SINGAPORE - About 800 people of different faiths joined in a Christmas celebration at the St Andrew's Cathedral on Friday (Dec 13) that also marked Singapore's growth in the last 200 years.
Leaders of the major religions in Singapore - including Islam, Hinduism and Buddhism - were invited to the Bicentennial Christmas carol service, where Prime Minister Lee Hsien Loong was guest of honour.
The Singapore Combined Church Choir performed songs that told the story of the country's growth since the arrival of European traders in the 16th century, singing in multiple languages including Tamil, Malay, Chinese and Japanese.
Mr Lee said in his remarks near the end of the event that while Christmas is celebrated, the Bicentennial is commemorated.
"And we say commemorate because in 200 years, we've been through ups and downs, joys and sorrows, tragedies and successes."
But on the whole, Singapore has much to rejoice for, he said.
"And for Christmas, I think today is a day for rejoicing... for the good things that have happened to us and what we have achieved together."
The event was a joint effort by the Anglican Church of Singapore, the National Council of Churches of Singapore, and the Oxford and Cambridge Society of Singapore.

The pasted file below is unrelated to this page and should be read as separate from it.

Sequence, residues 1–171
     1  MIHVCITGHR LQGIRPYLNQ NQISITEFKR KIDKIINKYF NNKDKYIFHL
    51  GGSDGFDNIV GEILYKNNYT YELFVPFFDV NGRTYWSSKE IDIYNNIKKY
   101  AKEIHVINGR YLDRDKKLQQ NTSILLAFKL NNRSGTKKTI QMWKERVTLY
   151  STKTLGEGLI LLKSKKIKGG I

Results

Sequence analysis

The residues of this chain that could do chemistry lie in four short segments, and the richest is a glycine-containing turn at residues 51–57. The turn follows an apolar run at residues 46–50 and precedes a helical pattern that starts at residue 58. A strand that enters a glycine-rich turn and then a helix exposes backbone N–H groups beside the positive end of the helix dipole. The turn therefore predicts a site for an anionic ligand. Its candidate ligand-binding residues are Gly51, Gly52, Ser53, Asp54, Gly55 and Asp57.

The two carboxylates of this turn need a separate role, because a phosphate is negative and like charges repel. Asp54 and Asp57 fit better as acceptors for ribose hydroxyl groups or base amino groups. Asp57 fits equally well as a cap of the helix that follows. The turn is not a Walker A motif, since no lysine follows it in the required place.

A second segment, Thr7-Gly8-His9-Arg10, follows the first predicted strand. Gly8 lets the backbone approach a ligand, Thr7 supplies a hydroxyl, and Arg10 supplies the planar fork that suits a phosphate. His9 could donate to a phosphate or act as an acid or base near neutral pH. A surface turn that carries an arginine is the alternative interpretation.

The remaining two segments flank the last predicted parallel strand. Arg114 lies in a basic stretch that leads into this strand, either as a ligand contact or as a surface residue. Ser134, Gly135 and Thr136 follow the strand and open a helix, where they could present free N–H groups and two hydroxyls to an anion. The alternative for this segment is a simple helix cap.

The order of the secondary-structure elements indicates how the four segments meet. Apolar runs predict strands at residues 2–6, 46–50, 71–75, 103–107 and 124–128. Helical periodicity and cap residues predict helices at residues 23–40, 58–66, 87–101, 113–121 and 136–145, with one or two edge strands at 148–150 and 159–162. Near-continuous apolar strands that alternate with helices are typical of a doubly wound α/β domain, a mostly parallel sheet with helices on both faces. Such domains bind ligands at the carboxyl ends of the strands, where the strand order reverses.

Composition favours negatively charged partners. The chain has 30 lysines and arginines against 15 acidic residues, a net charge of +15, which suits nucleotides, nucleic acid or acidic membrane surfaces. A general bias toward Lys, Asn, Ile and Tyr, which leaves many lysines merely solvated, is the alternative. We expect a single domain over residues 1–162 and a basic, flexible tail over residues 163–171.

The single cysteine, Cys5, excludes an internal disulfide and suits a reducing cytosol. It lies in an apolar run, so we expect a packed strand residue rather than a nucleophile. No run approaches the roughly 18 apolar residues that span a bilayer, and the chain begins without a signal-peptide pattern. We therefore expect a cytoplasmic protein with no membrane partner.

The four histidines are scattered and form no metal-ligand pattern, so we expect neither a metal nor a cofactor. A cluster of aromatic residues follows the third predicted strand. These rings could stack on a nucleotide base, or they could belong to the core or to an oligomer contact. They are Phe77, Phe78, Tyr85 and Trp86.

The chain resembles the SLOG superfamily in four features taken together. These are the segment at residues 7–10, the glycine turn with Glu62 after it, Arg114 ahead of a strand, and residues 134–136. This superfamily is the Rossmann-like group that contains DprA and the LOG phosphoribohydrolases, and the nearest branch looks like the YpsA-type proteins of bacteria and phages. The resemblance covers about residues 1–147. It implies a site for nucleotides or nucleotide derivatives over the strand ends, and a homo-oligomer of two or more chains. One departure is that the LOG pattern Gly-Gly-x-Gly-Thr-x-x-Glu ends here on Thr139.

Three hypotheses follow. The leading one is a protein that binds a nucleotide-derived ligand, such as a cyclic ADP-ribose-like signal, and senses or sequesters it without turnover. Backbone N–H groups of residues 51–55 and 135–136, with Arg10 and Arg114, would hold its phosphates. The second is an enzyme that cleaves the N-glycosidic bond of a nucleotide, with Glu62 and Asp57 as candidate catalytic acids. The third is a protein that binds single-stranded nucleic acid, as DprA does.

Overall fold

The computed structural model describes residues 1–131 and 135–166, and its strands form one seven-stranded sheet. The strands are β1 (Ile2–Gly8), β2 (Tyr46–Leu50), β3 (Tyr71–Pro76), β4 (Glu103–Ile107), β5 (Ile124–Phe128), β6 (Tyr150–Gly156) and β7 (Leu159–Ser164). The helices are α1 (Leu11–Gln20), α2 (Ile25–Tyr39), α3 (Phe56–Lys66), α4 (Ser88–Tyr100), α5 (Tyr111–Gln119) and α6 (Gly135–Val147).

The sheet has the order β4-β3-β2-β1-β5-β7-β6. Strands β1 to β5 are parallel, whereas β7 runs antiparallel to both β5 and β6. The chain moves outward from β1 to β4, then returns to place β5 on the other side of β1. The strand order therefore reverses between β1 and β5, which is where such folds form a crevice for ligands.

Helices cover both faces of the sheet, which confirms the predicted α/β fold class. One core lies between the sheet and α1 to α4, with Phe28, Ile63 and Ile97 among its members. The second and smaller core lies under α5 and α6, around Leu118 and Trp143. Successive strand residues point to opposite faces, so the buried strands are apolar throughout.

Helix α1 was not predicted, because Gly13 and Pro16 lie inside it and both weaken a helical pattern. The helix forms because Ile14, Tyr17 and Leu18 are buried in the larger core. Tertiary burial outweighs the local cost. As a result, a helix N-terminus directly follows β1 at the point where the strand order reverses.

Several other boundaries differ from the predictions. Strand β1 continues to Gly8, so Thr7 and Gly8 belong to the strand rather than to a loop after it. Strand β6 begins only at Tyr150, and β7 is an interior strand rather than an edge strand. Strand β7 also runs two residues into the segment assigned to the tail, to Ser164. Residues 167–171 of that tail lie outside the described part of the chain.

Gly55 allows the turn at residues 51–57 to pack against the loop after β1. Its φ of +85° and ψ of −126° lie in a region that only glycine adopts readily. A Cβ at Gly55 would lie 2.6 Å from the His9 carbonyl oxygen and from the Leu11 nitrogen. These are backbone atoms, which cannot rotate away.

Other leaders such as Manpower Minister Josephine Teo, Social and Family Development Minister Desmond Lee, Jalan Besar GRC MP Lily Neo, and Workers' Party chief Pritam Singh were also present. Former president Tony Tan was also in the audience.
Religious leaders who attended include chief executive of the Islamic Religious Council of Singapore (Muis) Esa Masood, and Inter-Religious Organisation (IRO) council members Hormuz Avari and Ling Kin Huat.
The first part of the service consisted of Bible teachings and carols led by the Choir of Sidney Sussex College from Cambridge University.
This was followed by the combined choir's performance, which included songs like Dayong Sampan. The popular Indonesian folk song was rendered to evoke migrants arriving at the Singapore River after the British established Singapore as a free port.
Bishop Rennis Ponniah of the Anglican Church said that the service was more than just a faith event, and the programme had been designed to be accessible to people of all religions.
"Christmas is Christmas, and many people have no objection about singing Christmas carols as a message of love and hope.
"Then we intertwined it with the history of Singapore, in such a way that we are first, true to the facts, but also giving thanks that higher hands have shaped us, and we are now in a good place. And all Singaporeans can rejoice in that," he told The Straits Times before a similar service held on Thursday (Dec 12).
IRO president Venerable Kwang Phing, who attended the service, said that the event showcased how people of different faiths can live alongside one another.
"The celebration will promote friendship and bonding with all other faiths, and introduce to the guests about (the Christians') teachings, belief, and practices," said Venerable Kwang Phing, who is also president of the Singapore Buddhist Federation.